On April 27, 1960, at Yankee Stadium, 21-year-old left-hander Jim Kaat gave up three hits and one earned run in seven innings as the Senators beat Hall-of-Famer Whitey Ford. It was Kaat’s only win in a Washington uniform over parts of the 1959 and ’60 seasons.
Kaat was signed by the Senators in July 1957. After three appearances late in 1959, he made the team out of spring training in 1960. He started nine times in 13 games over 50 innings in 1960, when he was with Washington into June and then again after a September call-up. He spent July and August at AAA Charleston.
In Kaat’s last appearance at a Senator, he pitched an inning and a third against the Yankees on September 27, 1960, during the team’s last series at Griffith Stadium. He came in with one out in the eighth and two men on. Although he wasn’t charged with a run, he immediately gave up two RBI singles, sealing the Yanks’ 5-1 win.. This was the fourth of a season-ending seven straight losses for those Nats, ending their hopes of finishing in fourth place and above .500.
In 1983, after 25 seasons and 283 victories, Kaat threw his last pitch in the big leagues. He was with the St. Louis Cardinals, his fifth team (six if you count the Senators/Twins as two). In 1982, he was part of the Cards’ bullpen when St. Louis won the World Series, the only time Kaat earned a winners’ ring.
Kaat became an all-star with the Twins after Calvin Griffith moved the Senators to Minnesota. He started three times, winning once, against Sandy Koufax in the 1965 World Series, which the Twins lost to the Dodgers in seven games.
As a 25-game winner with a 2.75 ERA and 205 strikeouts in 1966, Kaat surely would have been the American League’s Cy Young Award winner, if one had been awarded in each league that season. (Koufax was the unanimous winner in the last season before the award went to pitchers in both the A.L. and N.L.)
Kaat won a record 16 consecutive Gold Gloves, although several were probably based on his reputation. Advanced fielding metrics applied retrospectively show him to be a below-average fielder in several of those seasons. In 1969, for example, he won the Gold Gloves despite a fielding percentage of .826 and a league-leading eight errors.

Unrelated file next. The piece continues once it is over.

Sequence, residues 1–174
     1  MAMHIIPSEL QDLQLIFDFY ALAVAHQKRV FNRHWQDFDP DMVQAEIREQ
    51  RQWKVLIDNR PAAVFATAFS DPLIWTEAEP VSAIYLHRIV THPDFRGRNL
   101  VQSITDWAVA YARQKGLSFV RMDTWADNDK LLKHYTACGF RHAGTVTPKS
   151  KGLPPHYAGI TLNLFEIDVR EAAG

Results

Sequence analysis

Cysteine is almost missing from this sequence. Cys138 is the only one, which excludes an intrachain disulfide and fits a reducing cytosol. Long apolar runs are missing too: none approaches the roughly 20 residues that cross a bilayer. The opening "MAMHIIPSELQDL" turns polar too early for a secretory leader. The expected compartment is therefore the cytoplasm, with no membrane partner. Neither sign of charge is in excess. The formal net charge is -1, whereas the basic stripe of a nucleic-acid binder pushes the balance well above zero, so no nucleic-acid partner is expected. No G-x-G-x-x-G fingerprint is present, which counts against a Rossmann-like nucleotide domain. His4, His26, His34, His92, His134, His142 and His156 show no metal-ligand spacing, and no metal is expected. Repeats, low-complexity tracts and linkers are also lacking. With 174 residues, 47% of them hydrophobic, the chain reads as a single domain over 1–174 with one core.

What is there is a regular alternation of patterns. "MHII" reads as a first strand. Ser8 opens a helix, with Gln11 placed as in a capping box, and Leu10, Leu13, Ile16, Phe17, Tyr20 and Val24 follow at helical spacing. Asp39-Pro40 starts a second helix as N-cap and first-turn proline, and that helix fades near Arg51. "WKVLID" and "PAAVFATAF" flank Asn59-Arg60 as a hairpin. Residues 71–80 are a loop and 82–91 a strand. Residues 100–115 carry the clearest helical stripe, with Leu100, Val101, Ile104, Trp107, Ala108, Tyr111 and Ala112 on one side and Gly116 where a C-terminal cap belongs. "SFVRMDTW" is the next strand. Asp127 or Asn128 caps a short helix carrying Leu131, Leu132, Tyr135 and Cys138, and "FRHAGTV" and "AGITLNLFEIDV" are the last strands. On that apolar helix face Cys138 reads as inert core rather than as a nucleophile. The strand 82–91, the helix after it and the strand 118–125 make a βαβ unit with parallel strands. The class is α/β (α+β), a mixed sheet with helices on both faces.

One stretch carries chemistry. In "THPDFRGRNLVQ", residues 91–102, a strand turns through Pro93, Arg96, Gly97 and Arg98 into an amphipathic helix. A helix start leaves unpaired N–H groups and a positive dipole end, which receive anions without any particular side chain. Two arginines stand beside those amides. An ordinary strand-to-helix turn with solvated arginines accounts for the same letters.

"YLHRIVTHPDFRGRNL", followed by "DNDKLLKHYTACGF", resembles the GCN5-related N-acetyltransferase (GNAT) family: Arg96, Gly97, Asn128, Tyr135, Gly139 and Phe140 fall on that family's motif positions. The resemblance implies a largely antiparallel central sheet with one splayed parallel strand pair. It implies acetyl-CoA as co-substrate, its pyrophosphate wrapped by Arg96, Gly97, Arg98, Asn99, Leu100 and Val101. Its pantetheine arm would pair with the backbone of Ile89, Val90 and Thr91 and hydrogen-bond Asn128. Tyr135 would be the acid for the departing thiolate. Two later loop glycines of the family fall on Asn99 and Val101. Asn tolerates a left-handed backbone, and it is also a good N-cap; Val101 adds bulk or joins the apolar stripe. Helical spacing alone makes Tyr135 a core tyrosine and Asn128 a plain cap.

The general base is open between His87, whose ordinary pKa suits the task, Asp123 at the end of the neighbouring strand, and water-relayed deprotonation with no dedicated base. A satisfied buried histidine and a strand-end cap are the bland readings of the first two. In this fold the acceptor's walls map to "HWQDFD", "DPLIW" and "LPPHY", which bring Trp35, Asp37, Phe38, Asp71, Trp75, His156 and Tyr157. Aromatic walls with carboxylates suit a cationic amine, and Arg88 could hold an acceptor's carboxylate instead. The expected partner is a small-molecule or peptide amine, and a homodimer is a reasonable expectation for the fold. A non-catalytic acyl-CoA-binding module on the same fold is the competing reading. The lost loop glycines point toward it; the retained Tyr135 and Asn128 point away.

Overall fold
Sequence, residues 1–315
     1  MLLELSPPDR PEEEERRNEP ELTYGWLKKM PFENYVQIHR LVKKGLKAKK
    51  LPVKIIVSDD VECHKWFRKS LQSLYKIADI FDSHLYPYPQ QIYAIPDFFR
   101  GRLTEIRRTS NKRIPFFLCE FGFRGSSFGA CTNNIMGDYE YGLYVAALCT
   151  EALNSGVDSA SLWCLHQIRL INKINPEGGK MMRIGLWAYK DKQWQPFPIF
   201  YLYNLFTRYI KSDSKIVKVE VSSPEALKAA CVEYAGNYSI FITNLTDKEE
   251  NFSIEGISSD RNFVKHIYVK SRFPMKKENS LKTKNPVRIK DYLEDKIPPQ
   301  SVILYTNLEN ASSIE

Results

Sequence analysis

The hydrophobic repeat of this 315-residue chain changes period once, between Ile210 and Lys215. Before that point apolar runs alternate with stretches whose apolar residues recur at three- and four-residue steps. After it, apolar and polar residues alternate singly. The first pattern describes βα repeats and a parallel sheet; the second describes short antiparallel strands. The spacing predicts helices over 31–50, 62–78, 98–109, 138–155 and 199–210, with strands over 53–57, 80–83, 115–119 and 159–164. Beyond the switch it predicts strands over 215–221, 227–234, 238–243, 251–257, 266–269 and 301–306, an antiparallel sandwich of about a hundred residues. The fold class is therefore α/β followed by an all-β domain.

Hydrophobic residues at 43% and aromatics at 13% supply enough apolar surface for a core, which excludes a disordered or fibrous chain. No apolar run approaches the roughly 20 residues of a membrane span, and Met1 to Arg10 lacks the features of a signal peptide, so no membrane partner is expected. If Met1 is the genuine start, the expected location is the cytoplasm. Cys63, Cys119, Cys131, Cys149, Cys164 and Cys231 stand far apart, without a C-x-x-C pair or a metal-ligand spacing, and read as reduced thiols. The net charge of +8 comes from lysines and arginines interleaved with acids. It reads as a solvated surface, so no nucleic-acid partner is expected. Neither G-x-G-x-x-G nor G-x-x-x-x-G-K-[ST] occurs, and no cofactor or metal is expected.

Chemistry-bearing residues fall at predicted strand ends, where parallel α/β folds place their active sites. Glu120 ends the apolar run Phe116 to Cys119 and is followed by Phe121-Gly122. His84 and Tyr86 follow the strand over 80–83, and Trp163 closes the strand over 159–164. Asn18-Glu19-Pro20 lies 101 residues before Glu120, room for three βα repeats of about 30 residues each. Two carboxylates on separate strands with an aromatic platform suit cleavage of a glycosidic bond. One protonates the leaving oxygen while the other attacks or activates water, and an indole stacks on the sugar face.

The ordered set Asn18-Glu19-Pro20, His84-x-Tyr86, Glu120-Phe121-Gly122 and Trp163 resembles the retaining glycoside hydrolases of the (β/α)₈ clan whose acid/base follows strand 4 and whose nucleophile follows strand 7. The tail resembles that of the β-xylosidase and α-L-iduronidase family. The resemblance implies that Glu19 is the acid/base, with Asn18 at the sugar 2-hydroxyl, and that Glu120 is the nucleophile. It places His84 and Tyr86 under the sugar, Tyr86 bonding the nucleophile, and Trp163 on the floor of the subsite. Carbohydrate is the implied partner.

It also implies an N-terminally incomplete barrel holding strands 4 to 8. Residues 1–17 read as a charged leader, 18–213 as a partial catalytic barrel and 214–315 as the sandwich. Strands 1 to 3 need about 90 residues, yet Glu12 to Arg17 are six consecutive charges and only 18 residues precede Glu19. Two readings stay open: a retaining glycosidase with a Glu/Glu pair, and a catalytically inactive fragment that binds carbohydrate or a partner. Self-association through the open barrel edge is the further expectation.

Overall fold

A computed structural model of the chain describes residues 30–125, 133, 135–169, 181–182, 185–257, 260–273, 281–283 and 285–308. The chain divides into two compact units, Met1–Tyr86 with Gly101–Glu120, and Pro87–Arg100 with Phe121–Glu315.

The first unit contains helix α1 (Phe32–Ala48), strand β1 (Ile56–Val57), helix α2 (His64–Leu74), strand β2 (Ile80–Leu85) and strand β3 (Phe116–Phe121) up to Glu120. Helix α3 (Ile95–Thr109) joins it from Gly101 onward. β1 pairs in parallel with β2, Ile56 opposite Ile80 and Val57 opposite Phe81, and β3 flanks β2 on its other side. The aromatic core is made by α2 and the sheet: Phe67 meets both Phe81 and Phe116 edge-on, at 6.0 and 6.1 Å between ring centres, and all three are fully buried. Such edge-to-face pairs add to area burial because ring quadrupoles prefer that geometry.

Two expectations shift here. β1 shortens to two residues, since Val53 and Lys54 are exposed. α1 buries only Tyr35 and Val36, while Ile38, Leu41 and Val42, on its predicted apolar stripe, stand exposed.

Still, his 283 wins are the second most (five behind Tommy John) by a pitcher not in the Hall of Fame and are more than scores of other inductees. Kaat was a three-time 20-game winner and three-time all-star. He pitched in the post-season four times. He threw 31 shutouts among his 180 complete games. Counting the times he was a pinch-hitter or pinch-runner, he appeared in more than 1,000 games, 898 of them as a pitcher.
Kaat never received even 30 percent of the votes by the baseball writers when he was on the Hall-of-Fame ballot, but this year, he is one of 10 players being considered by the Golden Era Committee. The results are to be announced on December 8. The vote of 75 percent of the committee members is needed for induction.
On July 1, 1983, in his final appearance in the big leagues at age 44, he gave up one hit over a scoreless inning-and-a third. Five days later, the Cardinals released him. After a couple of short coaching stints, he began a long broadcasting career, first with the Twins and then with the Yankees and MLB network.
Kaat was the last active player to have worn a Washington uniform with the Griffith franchise, eight seasons after Harmon Killebrew, the next-to-last man who wore that uniform, had retired. Jim Kaat turns 83 on November 7, 2021.